Dr. Pretlow Interviewed About Controversial PSA

Atlanta Panorama

A couple of years back, Childhood Obesity News discussed the Georgia anti-childhood obesity billboards. Created by the Strong4Life program founded by Children’s Healthcare of Atlanta, they were criticized as tasteless and too judgmental.

So much attention was focused on the billboard/poster campaign that few people remarked on a 1-minute, 41-second video PSA the group released around the same time. “Rewind the Future” didn’t garner much attention at first, but recently it suddenly did. It starts with a patient being readied for surgery. He weighs about 300 pounds and just had a heart attack. We are shown scenes from his earlier life, going farther into the past each time. Here is how Cristina Goyanes of Shape.com describes it:

As the flashback continues, Jim’s mom enters the picture. At first, she seems caring, gifting him an at-home treadmill to help him lose weight. Rewind a little more, and the story shifts. Rather than encouraging her son to be healthy, as she does later, Mom is doing the opposite, picking up fast food for him, buying him candy from a vending machine, letting him eat sugary cereals for breakfast, and feeding him French fries.

Now everybody’s talking about the video’s shock value and alleged fat-shaming. It is a factor worth being sensitive to. The Rudd Center for Food Policy and Obesity has determined that behavior change is not effectively motivated by stigmatizing people. More to the point, the short film is parent-blaming. Still, not everyone is upset. Its proponents describe “Rewind the Future” as bold, and the topic deserves boldness. Writer Beth Greenfield quotes an online comment from an unnamed doctor:

Obesity is perhaps one of the worst comorbidities to have for a hospital patient. It complicates everything. Every. Single. Thing.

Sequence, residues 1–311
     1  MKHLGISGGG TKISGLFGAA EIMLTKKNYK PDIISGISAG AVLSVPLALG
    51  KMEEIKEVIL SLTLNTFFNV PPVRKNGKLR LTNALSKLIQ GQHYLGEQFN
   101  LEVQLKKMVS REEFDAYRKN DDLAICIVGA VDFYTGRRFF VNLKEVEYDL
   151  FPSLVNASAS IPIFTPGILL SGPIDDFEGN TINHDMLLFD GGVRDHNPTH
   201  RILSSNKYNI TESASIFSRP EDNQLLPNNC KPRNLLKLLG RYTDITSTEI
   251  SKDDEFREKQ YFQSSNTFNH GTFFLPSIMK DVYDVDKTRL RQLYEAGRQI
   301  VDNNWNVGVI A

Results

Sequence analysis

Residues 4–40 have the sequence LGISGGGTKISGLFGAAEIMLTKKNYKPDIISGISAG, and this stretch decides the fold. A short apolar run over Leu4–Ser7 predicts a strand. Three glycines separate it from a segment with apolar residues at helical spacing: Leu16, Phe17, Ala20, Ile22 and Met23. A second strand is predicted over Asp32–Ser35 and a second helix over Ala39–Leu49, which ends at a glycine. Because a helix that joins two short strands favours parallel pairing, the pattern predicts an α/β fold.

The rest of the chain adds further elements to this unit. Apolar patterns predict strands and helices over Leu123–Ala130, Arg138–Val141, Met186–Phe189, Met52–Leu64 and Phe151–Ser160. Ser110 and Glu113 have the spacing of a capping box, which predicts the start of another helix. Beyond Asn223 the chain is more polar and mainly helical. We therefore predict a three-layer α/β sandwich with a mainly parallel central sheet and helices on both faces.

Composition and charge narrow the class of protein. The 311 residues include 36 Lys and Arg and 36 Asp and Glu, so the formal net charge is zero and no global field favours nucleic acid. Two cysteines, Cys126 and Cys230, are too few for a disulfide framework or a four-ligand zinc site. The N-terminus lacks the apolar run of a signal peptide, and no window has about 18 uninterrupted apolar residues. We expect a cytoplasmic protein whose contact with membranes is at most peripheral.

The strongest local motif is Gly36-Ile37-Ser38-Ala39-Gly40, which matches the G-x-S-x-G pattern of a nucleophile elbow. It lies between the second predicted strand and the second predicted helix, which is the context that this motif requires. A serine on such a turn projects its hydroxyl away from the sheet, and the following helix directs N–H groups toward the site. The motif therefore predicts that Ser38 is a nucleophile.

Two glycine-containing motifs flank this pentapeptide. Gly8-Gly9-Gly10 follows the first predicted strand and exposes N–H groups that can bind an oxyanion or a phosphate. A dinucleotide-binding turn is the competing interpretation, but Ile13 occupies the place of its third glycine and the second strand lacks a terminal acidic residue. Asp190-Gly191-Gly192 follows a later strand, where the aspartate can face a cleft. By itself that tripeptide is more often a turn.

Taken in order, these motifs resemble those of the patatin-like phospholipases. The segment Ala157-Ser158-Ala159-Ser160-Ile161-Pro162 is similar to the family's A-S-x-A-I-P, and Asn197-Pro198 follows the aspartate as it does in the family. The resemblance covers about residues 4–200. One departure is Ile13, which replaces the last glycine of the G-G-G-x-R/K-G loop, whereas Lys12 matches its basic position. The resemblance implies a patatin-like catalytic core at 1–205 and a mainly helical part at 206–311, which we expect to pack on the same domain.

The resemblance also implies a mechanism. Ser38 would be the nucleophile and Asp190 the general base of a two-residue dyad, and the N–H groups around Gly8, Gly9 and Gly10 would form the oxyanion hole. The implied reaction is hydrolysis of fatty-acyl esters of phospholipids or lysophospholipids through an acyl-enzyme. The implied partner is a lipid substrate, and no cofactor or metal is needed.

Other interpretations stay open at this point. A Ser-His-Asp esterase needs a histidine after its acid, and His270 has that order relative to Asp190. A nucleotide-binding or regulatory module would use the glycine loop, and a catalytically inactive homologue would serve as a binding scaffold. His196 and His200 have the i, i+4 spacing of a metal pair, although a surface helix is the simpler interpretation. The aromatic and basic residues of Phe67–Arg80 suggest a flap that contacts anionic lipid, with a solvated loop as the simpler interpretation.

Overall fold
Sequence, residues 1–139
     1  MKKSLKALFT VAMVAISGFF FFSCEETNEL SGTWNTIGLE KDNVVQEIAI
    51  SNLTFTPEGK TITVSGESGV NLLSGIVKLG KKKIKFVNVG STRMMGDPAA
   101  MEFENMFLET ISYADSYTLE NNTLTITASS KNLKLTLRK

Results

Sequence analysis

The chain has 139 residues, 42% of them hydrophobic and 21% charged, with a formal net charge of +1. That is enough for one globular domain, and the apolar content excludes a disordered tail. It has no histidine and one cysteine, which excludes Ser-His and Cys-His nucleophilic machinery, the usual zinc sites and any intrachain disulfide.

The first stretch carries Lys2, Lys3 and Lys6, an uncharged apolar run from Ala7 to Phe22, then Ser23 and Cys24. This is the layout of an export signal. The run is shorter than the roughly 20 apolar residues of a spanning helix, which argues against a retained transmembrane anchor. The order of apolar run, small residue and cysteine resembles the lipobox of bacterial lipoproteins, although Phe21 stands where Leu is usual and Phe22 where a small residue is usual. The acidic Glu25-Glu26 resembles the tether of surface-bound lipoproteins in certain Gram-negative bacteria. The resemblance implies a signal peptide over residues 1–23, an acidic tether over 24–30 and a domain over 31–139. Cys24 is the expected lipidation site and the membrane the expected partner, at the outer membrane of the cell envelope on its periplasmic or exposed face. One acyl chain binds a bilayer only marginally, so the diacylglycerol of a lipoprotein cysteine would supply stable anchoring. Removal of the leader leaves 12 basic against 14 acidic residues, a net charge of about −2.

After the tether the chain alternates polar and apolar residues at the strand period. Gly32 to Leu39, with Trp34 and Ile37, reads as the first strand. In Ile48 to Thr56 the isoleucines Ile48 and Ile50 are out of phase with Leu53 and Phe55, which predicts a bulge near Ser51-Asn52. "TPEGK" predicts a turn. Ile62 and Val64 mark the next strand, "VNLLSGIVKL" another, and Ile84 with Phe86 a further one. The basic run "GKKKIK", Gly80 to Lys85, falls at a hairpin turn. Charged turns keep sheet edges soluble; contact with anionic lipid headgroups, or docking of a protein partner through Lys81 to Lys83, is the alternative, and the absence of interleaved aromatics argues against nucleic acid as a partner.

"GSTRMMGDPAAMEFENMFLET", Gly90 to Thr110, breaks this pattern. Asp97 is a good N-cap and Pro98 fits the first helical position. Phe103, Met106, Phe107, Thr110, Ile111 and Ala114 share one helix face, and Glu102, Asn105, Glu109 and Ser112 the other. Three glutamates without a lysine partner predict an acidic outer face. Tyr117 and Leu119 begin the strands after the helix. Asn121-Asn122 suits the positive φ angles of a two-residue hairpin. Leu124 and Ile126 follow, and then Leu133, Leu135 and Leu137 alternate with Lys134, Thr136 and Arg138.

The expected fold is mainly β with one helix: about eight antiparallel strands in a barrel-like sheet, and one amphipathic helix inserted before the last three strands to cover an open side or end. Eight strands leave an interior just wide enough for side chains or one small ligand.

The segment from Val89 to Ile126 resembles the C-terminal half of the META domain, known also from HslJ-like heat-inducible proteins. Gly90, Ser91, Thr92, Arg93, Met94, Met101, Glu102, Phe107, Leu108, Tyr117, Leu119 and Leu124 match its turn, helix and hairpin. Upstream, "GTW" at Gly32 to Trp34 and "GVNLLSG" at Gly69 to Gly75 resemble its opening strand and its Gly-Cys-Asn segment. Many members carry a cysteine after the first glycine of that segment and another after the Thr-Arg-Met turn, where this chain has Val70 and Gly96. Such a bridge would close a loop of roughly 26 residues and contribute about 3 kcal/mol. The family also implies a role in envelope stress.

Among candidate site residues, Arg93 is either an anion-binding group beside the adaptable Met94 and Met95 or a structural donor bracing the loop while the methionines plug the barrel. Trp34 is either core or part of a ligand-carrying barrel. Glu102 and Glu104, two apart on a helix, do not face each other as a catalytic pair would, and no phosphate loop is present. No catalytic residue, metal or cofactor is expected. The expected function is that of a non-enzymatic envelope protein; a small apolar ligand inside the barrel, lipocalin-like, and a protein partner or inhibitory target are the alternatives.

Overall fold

“Rewind the Future” just wants to raise awareness and encourage people to make some changes, even small ones. And by people, they mean parents. An honest parent will admit there are times when you will do just about anything to get a child to stop fussing. Some parents have even found themselves struggling to appease a difficult child as if offering sacrifices to a raging monster from a horror movie.

A parent can take a very positive and useful step toward avoiding that situation. Parent Effectiveness Training and other courses can teach parents how to cope in those moments of temptation. Feeding a child is not the only way to get some peace and quiet. The Strong4Life website offers parenting tips from a page that also says:

As parents (and humans), we’ve all made decisions that didn’t look too good in hindsight. But today, right now, we have an opportunity for a life changing do-over…. if your children are still children, it’s not too late.

The Shape.com writer Cristina Goyanes also interviewed Dr. Pretlow, who confirmed that parents often play a role in enabling a child’s obesity. Please do visit and enjoy “Are Parents to Blame for Obesity?”

Your responses and feedback are welcome!

Source: “Shocking Anti-Obesity PSA Sparks Debate,” Yahoo.com, 08/12/14
Source: “5 Tips for Powerful Parenting,” strong4life.com, undated
Source: “Are Parents to Blame for Obesity?” Shape.com, 08/15/14
Image by Tim Dorr

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About Dr. Robert A. Pretlow

Dr. Robert A. Pretlow is a pediatrician and childhood obesity specialist. He has been researching and spreading awareness on the childhood obesity epidemic in the US for more than a decade.
You can contact Dr. Pretlow at:


Dr. Pretlow’s invited presentation at the American Society of Animal Science 2020 Conference
What’s Causing Obesity in Companion Animals and What Can We Do About It

Dr. Pretlow’s invited presentation at the World Obesity Federation 2019 Conference:
Food/Eating Addiction and the Displacement Mechanism

Dr. Pretlow’s Multi-Center Clinical Trial Kick-off Speech 2018:
Obesity: Tackling the Root Cause

Dr. Pretlow’s 2017 Workshop on
Treatment of Obesity Using the Addiction Model

Dr. Pretlow’s invited presentation for
TEC and UNC 2016

Dr. Pretlow’s invited presentation at the 2015 Obesity Summit in London, UK.

Dr. Pretlow’s invited keynote at the 2014 European Childhood Obesity Group Congress in Salzburg, Austria.

Dr. Pretlow’s presentation at the 2013 European Congress on Obesity in Liverpool, UK.

Dr. Pretlow’s presentation at the 2011 International Conference on Childhood Obesity in Lisbon, Portugal.

Dr. Pretlow’s presentation at the 2010 Uniting Against Childhood Obesity Conference in Houston, TX.

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